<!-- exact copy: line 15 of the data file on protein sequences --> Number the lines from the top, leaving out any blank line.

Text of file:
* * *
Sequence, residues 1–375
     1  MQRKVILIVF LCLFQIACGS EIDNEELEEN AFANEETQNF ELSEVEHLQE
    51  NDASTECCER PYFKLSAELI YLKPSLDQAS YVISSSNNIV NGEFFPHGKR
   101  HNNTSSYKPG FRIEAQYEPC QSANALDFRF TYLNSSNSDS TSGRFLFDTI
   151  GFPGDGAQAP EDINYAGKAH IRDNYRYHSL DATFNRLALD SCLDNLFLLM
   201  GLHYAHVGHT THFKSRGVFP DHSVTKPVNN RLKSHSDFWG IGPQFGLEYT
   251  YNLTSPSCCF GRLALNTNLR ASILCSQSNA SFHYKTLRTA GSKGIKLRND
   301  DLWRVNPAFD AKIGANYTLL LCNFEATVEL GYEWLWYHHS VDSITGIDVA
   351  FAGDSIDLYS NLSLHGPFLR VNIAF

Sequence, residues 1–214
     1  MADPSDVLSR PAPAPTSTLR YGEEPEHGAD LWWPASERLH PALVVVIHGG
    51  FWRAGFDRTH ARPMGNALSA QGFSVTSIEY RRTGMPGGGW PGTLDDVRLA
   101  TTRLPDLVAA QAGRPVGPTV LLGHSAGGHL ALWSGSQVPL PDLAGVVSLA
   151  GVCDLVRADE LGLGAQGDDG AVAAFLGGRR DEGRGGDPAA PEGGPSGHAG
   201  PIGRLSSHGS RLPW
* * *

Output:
   201  PIGRLSSHGS RLPW